The Hutchison/O2 public courting has flushed out a potential price for the Spanish-held UK asset and with Brexit looming, will this influence a further potential sale despite the initial EC direction? Maybe, but we know Hutchison won’t be coming back with another offer, as Ofcom made it clear their position was aligned with the Commission. What we do know is that both deal making and asset sharing will be a continuing theme for regulators to oversee.

In terms of Moorhouse, we are currently advising and preparing client responses to Ofcom consultations and assessments on switching and compensation. This includes Triple Play Switching, which will provide more options for the customer to unpick bundled provision and choose different products and services from separate providers such as BT, Sky, Virgin Media and TalkTalk. They will need to facilitate the switch. Such a move impacts current operating models and has associated costs. This carries a far greater risk of customer churn and starts to limit the ability to cross-sell on long contracts. The solutions behind such a switching mechanism will also be complex, with multiple systems and platforms involved. These complexities present a danger for providers and customers as they could provide a further route to a non-satisfactory experience.

Auto-compensation is another area featured in the Digital Communications Review (Ofcom, 2016)[7] where Moorhouse is involved. Processes for direct customer compensation for poor service will be put in place and the race is on for either agreed cross industry standards and a self-regulated environment or more direct intervention from the market regulator. The dependency on Openreach service levels of all the major fixed brand providers adds spice to this debate.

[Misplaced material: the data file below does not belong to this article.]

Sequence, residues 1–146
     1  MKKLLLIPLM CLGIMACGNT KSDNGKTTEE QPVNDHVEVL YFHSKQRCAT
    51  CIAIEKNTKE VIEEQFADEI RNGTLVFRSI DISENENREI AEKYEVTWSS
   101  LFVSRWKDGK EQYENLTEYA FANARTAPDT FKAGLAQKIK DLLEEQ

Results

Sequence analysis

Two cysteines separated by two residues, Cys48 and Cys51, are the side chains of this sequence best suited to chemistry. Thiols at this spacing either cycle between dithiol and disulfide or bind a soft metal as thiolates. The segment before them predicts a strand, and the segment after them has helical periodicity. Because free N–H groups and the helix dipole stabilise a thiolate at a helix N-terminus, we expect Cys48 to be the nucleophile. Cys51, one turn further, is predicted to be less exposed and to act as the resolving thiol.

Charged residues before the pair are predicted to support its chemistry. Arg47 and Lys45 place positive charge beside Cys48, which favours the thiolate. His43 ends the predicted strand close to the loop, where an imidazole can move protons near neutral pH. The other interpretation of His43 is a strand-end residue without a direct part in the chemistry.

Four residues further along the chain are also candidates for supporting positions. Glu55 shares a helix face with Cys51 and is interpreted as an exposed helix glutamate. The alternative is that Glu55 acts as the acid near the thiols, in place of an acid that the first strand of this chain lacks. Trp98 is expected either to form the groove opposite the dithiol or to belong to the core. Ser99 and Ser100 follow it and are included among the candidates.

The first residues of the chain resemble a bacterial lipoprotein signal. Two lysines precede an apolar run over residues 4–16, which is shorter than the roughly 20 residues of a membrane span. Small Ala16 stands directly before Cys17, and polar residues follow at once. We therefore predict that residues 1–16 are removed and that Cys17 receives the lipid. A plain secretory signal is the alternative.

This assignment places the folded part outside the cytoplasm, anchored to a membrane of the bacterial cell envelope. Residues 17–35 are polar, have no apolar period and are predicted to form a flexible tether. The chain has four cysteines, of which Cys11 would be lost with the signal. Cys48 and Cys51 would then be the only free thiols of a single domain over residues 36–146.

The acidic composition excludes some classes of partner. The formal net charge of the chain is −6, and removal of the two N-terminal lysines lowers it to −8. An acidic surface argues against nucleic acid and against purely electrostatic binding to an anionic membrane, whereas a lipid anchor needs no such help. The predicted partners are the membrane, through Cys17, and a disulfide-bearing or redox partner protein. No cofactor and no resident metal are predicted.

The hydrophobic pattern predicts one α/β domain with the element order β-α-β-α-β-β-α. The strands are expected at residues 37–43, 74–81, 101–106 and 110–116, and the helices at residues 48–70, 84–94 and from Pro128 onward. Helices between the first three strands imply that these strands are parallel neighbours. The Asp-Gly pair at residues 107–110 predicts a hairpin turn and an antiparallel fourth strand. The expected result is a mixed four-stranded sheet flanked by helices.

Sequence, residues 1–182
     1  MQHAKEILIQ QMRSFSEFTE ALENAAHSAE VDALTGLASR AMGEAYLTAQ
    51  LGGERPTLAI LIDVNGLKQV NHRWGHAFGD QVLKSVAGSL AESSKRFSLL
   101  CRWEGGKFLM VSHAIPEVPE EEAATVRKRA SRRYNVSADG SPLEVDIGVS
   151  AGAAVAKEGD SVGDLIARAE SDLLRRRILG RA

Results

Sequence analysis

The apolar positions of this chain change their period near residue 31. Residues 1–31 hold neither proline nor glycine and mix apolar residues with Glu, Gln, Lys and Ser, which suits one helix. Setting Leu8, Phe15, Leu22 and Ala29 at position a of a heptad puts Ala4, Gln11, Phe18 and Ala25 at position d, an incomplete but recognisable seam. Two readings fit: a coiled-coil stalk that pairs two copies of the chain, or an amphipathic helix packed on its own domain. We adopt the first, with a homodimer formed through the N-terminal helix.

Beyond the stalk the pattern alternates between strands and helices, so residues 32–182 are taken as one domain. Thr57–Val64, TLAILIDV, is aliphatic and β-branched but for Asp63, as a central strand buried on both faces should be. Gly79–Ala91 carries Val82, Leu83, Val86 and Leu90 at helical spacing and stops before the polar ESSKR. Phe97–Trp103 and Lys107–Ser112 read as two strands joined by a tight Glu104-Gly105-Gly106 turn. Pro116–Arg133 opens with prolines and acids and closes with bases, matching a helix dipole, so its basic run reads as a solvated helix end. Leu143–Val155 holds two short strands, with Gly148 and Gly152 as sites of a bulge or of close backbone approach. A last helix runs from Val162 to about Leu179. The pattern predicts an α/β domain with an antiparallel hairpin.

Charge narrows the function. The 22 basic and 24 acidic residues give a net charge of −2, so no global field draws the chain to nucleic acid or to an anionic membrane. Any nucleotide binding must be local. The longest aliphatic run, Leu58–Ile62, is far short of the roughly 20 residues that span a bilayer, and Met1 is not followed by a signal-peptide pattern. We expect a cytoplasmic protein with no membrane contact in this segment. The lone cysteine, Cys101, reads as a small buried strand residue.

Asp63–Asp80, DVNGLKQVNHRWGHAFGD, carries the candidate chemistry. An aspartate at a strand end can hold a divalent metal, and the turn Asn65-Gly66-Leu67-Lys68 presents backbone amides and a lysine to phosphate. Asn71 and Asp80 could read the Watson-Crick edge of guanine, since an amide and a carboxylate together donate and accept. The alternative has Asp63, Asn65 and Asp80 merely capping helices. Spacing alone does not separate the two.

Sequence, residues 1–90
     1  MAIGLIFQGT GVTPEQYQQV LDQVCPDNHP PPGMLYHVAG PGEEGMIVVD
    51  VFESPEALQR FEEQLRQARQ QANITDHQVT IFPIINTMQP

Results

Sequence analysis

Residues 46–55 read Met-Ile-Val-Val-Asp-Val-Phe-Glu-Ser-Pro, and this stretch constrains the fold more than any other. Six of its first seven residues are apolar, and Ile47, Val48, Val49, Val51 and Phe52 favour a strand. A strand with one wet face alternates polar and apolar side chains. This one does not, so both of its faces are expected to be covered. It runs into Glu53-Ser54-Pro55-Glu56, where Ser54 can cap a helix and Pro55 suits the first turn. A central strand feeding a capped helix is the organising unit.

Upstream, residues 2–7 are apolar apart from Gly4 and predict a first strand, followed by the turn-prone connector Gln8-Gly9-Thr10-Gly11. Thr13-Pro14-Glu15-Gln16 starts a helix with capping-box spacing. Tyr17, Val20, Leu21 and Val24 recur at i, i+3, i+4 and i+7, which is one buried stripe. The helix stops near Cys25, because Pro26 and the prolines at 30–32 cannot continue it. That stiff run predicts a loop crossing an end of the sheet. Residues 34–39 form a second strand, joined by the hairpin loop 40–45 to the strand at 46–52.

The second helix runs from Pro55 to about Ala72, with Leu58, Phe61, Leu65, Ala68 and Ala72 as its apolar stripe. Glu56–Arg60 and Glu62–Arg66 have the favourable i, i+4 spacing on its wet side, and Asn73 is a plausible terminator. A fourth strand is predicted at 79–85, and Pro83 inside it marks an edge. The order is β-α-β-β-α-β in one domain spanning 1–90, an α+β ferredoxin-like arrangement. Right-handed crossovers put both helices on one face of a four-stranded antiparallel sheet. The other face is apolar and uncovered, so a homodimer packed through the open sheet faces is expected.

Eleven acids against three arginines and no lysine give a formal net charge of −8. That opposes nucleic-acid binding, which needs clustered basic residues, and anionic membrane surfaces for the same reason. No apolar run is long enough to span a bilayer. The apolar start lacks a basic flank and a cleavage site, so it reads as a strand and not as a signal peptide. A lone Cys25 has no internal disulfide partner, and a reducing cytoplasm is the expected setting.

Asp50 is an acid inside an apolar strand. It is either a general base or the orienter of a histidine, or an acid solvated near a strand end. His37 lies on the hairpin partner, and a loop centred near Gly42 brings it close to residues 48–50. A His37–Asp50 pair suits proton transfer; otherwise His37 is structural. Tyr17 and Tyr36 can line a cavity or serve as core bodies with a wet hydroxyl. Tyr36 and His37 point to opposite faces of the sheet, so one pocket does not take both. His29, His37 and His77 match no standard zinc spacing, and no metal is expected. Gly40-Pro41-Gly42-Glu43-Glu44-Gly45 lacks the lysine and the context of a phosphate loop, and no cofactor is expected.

Finally, the replacement of the Data Protection Act (1998) with the General Data Protection Regulation (GDPR)[8] will have far reaching impacts on the industry. With data at the core of the communication industry, we have seen a range of responses in order to; protect and safe guard customer data and ownership rights; secure processing and data mining; and ensure information is lawfully used. When a customer signs up to a service or ticks the box in a trade-off for speed of access, what happens next to the information provided is at the core of the European regulators’ upgrade.

Telecoms regulation - Friend or Foe?

Whilst appearing diverse, the direction is clear. In this fast-moving industry where the free market principles have ruled there is a new regulation paradigm and a refreshed agenda of intervention which is not going to go away.  Treating regulation as a friend rather than a foe and using external expertise to help it shape the business opens new opportunities. 

As organisations channel funds toward customer choice, higher service levels and more data protection on a faster, safer and more efficient network, consumers will follow and reward the brands that succeed in navigating the direction of the regulators.

If you would like to talk to us about regulatory change further, please don’t hesitate to contact us at, or via our website.









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Richard Brackstone Partner